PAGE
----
41. ‘You see, lots of times; you get so used to looking for something to be glad about. And most generally there is something about everything that you can be glad about, if you keep hunting long enough to find it.’ – Pollyanna
  42. ‘I like to do almost everything that’s LIVING. Of course I don’t like the other things very well – sewing, and reading out loud, and all that. But THEY aren’t LIVING. Aunt Polly says they’re “learning to live”.’ – Pollyanna
  43. ‘People radiate what is in their minds and in their hearts. If a man feels kindly and obliging, his neighbours will feel that way, too, before long. But if he scolds and scowls and criticizes – his neighbors will return scowl for scowl, and add interest! When you look for the bad, expecting it, you will get it. When you know you will find the good – you will get that!’ – Reverent Paul
  44. ‘I don’t think I shall ever want to ride anywhere anymore. It will be so good just to walk. Oh, I’m so glad! I’m glad for everything. Why, I’m glad now I lost my legs for a while, for you never, never know how perfectly lovely legs are till you haven’t got them.’ – Pollyanna
  45. ‘You spend your whole life stuck in the labyrinth, thinking about how you’ll escape it one day, and how awesome it will be, and imagining that future keeps you going, but you never do it. You just use the future to escape the present.’ Alaska
  46. ‘Things that did not go right, things that seemed okay at the time because we could not see the future…If only we could see the endless string of consequences that result from our smallest actions. But we can’t know better until knowing better is useless.’ Miles Halter
  47. ‘We need never be hopeless, because we can never be irreparably broken. We think that we are invincible because we are. We cannot be born, and we cannot die. Like all energy, we can only change shapes and sizes and manifestations. They forget that when they get old. They get scared of losing and failing. But that part of us greater than the sum of our parts cannot begin and cannot end, and so it cannot fail. ‘Miles Halter
  48. ‘The problem, dear professor, is that you wanted someone who could be made intelligent but still be kept in a cage and displayed when necessary to reap the honours you seek. The hitch is that I’m a person.’ Charlie Gordon (Flowers for Algernon by Daniel Keyes)
  49. ‘I don’t think it’s right to make you pass a test to eat.’ Charlie Gordon, reflecting on the treatment of the lab mouse Algernon (Flowers for Algernon by Daniel Keyes)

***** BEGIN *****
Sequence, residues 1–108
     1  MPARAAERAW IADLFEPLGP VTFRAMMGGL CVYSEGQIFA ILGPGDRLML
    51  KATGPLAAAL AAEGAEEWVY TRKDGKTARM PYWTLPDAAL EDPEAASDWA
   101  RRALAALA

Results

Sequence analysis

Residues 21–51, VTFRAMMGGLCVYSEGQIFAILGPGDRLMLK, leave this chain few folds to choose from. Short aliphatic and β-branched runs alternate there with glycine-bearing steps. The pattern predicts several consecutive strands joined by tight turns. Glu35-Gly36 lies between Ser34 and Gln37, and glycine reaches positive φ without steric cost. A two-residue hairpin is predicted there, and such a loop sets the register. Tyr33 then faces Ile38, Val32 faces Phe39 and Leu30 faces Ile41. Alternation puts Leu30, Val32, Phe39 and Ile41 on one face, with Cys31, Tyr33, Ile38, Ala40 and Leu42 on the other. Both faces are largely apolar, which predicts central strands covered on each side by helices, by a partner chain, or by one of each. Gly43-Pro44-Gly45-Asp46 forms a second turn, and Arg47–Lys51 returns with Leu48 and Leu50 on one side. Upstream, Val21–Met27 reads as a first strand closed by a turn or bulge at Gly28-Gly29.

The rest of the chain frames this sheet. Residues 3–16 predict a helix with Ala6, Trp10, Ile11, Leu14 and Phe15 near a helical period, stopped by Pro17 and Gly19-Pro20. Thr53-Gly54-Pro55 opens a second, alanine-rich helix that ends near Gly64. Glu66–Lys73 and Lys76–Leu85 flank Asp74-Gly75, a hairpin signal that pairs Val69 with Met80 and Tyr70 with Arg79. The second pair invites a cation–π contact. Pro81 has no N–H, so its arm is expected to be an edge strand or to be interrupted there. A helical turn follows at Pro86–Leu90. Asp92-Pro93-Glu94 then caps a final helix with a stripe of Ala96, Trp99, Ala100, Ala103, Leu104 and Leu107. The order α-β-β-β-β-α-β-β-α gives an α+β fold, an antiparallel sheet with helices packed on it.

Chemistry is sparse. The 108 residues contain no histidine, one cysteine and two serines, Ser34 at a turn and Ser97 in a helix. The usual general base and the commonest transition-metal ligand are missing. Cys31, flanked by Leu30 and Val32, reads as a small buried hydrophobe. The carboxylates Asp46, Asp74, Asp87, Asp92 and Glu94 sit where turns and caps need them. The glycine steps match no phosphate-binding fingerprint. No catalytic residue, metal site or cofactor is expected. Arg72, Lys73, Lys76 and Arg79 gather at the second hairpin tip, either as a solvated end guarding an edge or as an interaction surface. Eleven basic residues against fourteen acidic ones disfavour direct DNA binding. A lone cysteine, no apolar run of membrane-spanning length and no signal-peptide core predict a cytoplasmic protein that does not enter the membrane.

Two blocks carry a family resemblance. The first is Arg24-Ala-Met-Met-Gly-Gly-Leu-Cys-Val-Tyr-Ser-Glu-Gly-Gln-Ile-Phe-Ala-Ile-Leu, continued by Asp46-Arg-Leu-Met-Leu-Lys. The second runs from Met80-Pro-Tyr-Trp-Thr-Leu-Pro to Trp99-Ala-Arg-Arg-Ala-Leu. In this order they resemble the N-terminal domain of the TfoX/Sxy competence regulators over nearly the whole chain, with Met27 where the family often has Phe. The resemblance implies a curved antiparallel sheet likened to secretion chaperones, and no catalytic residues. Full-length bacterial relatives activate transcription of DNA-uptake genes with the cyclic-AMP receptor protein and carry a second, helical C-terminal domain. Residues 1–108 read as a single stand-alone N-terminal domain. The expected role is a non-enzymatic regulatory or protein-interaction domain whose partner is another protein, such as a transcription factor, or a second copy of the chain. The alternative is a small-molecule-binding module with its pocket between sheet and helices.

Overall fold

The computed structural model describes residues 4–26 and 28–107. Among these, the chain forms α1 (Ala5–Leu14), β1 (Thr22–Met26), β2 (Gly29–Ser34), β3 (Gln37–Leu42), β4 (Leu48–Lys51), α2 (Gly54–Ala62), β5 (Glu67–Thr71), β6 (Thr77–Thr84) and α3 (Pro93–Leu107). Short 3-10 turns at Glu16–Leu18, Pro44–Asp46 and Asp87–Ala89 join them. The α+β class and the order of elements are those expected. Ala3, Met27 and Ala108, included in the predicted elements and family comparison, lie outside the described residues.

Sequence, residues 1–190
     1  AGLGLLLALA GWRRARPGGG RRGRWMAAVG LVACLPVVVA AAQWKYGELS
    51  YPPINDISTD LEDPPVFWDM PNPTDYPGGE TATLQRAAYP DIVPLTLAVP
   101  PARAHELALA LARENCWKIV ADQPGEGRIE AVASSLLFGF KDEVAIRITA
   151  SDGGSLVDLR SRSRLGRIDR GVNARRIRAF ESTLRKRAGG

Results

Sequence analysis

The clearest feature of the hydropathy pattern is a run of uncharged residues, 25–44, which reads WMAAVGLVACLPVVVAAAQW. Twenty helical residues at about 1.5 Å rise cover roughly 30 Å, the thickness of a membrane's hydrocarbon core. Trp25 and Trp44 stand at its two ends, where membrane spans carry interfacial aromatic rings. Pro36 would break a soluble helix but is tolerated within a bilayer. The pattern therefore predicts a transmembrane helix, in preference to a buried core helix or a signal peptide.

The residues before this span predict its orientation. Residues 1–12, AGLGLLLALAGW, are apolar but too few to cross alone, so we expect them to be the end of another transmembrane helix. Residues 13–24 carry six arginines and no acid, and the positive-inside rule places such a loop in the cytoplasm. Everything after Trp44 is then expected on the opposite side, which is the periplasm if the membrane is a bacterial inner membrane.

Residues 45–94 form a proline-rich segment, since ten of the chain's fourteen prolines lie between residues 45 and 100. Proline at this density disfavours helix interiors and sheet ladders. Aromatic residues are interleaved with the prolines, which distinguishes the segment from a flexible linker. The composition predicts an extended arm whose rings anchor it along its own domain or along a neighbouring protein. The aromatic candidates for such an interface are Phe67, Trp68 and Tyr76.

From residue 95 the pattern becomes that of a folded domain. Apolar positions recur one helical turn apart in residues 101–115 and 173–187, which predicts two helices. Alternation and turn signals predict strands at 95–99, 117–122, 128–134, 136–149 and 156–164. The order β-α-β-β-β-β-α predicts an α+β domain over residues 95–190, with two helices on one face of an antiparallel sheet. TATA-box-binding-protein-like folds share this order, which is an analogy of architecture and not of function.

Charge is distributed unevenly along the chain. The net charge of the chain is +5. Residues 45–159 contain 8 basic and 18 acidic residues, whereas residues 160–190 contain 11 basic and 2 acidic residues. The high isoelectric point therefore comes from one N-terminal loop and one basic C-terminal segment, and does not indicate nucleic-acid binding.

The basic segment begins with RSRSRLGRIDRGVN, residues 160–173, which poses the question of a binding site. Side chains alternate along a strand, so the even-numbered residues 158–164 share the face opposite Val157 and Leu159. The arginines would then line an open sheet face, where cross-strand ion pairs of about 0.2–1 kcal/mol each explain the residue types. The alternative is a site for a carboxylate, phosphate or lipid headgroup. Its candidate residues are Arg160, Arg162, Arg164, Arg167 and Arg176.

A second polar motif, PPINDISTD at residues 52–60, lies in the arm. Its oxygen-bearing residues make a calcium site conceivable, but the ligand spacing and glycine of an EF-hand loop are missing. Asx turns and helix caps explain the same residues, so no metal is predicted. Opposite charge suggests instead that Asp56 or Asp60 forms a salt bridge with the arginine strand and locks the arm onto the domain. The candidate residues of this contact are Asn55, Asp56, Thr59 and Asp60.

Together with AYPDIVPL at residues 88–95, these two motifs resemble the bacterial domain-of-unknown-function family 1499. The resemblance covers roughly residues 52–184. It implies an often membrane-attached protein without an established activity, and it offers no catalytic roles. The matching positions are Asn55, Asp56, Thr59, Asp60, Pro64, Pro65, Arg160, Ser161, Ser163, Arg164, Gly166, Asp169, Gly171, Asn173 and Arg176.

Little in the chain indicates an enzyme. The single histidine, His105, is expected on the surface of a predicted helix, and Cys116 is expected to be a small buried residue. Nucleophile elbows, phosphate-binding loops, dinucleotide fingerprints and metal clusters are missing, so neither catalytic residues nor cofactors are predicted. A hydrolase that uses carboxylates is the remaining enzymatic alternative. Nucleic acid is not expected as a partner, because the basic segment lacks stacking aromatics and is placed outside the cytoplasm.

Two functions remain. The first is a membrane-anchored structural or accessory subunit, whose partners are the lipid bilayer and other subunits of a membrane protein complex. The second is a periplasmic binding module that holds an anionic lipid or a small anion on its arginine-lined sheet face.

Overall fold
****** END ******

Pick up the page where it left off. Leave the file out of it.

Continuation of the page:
50. ‘Lawyers are all right, but they don’t appeal to me. They’re all right if they go around saving innocent guys’ lives. But you don’t do that kind of stuff if you’re a lawyer. All you do is make a lot of money and play golf and play bridge and buy cars and drink Martinis and look like a hot-shot. And besides, even if you did go around saving guy’s lives, how would you know if you did it because you really wanted to save guys’ lives, or because you did it because you really wanted to be a terrific lawyer, with everyone slapping you on the back and congratulating you in court when the trial is over, the reporters and everybody, the way it is in the movies? How would you know you weren’t being a phony? The trouble is, you wouldn’t.’ Holden Caulfield


Fiction quotes 101 to 150

  1. I guess we are who we are for a lot of reasons. And maybe we’ll never know most of them. But even if we don’t have the power to choose where we come from, we can still choose where we go from there. We can still do things. And we can try to feel okay about them. – Charlie
  2. ‘Once a King in Narnia, always a King in Narnia. But don’t go trying to use the same route to Narnia twice. Indeed, don’t try to get there at all. It’ll happen when you’re not looking for it.’ The Professor (The Lion, the Witch and the Wardrobe by C.S. Lewis)
  3. ‘No, men don’t catch anything. They just keep trotting back and forth across the bridge thinking there is something better on the other side. If they’d hang-down at the top of the thing and wait quietly, maybe something good would come along. But no – with men it’s rush, rush, rush, every minute. I’m glad I’m a sedentary spider.’ Charlotte (Charlotte’s Web by E.B. White)
  4. ‘Life is always a rich and steady time when you are waiting for something to happen or hatch.’ E.B. White (Charlotte’s Web)
  5. ‘It means that though the Witch knew the deep magic, there is a magic deeper still which she did not know. Her knowledge goes back only to the dawn of time. But if she could have looked a little further back, into the stillness and the darkness before Time dawned, she would have read there a different incantation. She would have known that when a willing victim who had committed no treachery was killed in a traitor’s stead, the Table would crack and Death itself would start working backward.’ Aslan
  6. ‘Those who can’t keep up – that is, children, dwarfs and small animals – must ride on the backs of those who can – that is, lions, centaurs, unicorns, horses, giants and eagles. Those who are good with their noses must come in the front with us lions to smell out where the battle is. Look lively and sort yourselves.’ Aslan
  7. ‘…And don’t mention it to anyone else unless you find that they’ve had adventures of the same sort themselves. What’s that? How will you know? Oh, you’ll know all right. Off things they say- even their looks – will let the secret out. Keep your eyes open.’ The Professor